[messaging] TOFU to ease PGP key discovery

Trevor Perrin trevp at trevp.net
Mon Feb 9 11:40:30 PST 2015

On Mon, Feb 9, 2015 at 9:57 AM, Mike Hearn <mike at plan99.net> wrote:
>> I don't think Whiteout's proposal is the same as CA offerings.
>> Whiteout is proposing a key directory where you can lookup public
>> keys.
> My understanding is that keys fetched from their own key server, have had
> their email address verified, thus Whiteout acts as a CA.

An S/MIME CA verifies your email address (and perhaps other
information) and issues a certificate, with the goal that this cert
suffices for trust establishment.

The Whiteout proposal verifies your email address and makes your
public key available in an online directory, with the goal of enabling
opportunistic encryption.

This seems like different goals and different mechanisms.

> Key lookup directories have a couple of
> problems
> Lookups leak who you're talking to
> Initial emails being encrypted interferes with spam filters
> The S/MIME default is, Alice sends a cleartext but signed mail to Bob. Bob
> replies with a signed and encrypted message. Now the key exchange is
> complete. The first mail from Alice to Bob has to be something good enough
> to distinguish it from spam and get Bob's attention without actually
> revealing anything sensitive, which is a whole kettle of usability fish by
> itself, but the act of replying teaches the spam filter that Bob is legit

OK, so you're proposing a totally different system than Whiteout.
When you say this is the "S/MIME default", are you saying S/MIME
software and MTAs automatically do all this, currently?

Regardless, you're arguing that key directories are bad because they
leak metadata, and are unnecessary since the first message(s) from
sender->recipient need to be in plaintext to appease the antispam
system.  So you can piggyback the sender's public key there, and the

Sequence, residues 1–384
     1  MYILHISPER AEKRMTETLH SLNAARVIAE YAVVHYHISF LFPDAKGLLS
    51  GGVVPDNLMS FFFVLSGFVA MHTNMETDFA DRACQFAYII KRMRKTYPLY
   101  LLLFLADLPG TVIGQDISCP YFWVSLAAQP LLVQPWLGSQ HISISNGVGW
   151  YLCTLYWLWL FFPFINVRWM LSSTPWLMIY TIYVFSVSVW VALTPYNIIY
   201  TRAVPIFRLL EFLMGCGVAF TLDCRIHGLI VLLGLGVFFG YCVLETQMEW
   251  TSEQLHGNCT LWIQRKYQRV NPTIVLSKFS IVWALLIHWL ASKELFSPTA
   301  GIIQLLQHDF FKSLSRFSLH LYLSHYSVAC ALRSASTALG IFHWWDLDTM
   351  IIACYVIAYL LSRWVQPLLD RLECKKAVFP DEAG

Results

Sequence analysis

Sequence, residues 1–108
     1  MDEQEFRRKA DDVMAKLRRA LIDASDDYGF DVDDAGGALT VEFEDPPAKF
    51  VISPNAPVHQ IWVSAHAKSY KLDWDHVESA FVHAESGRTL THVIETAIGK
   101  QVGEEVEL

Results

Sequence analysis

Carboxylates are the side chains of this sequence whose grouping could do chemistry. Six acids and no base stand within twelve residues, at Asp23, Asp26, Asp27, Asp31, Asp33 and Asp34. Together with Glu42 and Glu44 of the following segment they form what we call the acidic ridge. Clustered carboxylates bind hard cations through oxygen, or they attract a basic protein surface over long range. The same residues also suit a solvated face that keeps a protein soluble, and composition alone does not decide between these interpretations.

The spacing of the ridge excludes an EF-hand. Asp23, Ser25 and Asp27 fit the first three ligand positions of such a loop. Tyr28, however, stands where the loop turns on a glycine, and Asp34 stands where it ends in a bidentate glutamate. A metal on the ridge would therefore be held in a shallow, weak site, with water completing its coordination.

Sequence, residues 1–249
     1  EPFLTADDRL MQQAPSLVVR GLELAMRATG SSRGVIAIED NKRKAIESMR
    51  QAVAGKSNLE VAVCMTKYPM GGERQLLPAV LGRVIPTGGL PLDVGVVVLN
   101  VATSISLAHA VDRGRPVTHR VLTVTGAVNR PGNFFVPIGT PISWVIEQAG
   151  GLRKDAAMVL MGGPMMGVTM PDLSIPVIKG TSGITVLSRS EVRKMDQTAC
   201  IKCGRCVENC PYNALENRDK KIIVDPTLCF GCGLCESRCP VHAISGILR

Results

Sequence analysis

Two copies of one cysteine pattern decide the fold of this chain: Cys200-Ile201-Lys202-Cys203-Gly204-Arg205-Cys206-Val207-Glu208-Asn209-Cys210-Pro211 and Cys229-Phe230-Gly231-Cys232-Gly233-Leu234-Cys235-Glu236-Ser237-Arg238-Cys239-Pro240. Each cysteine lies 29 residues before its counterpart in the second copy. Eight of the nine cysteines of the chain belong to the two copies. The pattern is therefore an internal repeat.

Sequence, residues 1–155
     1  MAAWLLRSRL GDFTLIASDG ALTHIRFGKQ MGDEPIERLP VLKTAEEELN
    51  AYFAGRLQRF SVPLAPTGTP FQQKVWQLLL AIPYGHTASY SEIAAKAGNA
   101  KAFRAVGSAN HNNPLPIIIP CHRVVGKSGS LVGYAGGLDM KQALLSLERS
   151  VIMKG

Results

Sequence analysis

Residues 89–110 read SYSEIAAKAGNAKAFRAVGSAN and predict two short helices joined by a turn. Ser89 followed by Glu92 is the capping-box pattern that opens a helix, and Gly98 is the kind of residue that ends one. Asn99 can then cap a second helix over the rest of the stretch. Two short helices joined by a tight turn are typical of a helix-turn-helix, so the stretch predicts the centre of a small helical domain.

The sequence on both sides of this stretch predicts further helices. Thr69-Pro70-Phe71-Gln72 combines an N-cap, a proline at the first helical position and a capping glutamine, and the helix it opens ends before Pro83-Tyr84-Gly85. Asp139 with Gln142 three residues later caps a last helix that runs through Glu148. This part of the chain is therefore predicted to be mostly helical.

recipient's public key on the response.

Provider-based key directories address the first point - if a sender
does their lookup over the same channel they deliver the message,
there's no added metadata leak.  (Yes, this requires provider support,
but you're already assuming that for "teaching" the spam filter).

To your second point: giving up encryption for initial messages is a
big loss.  Moreover, it doesn't solve the entire problem - if you want
reliable automatic encryption, key lookup isn't just a *first* message
problem, it's an *every* message problem, because keys change.

> You're right that people can compare fingerprints (with either protocol). If
> you go above and beyond what Whiteout does then it can be more secure than
> just using Gmail. But you need to obtain the fingerprint/key from somewhere
> out of band. If you're doing that, you don't need the key servers or
> Whiteout CA anymore, and the features discussed in the blog post are
> irrelevant.

Disagree - I think opportunistic encryption and
automatically-distributed keys is better than manual key distribution
for many reasons, e.g.
 - Opportunistic encryption obscures which users are performing
end-to-end auth, protecting those users from standing out, and
protecting all other users by creating uncertainty about which
communications can be attacked without detection.
 - Automatic key distribution eases use of out-of-band methods (e.g.
comparing fingerprints) since you only have to compare small values
and can do it retroactively, instead of having to exchange larger
public keys as a prerequisite to communication.

More here:


>> But is it really true that S/MIME is "much more widely used in
>> corporate deployments than PGP"?  Do you have numbers on that, or more
>> info on who/where all this S/MIME adoption is?
> That's a good question. I admit, I'm repeating something I have frequently
> read, but I don't have data on it. I think S/MIME is not widely deployed by
> any measure either, but it'd only take a handful of large deployments to
> probably exceed the size of the PGP userbase.

It would only take a handful of large PGP deployments to exceed the
PGP userbase.

> For example the US DoD has a pretty large PKI setup with smartcards, etc.

I suspect DoD *likes* complex systems no-one else gets much value
from, so that's also not much of an endorsement.

> It's all anecdotal though. E2E crypto conflicts with legal discoverability
> requirements so I would expect it to be mostly used for signing rather than
> crypto.

Signing is easy though, particularly if no-one verifies....


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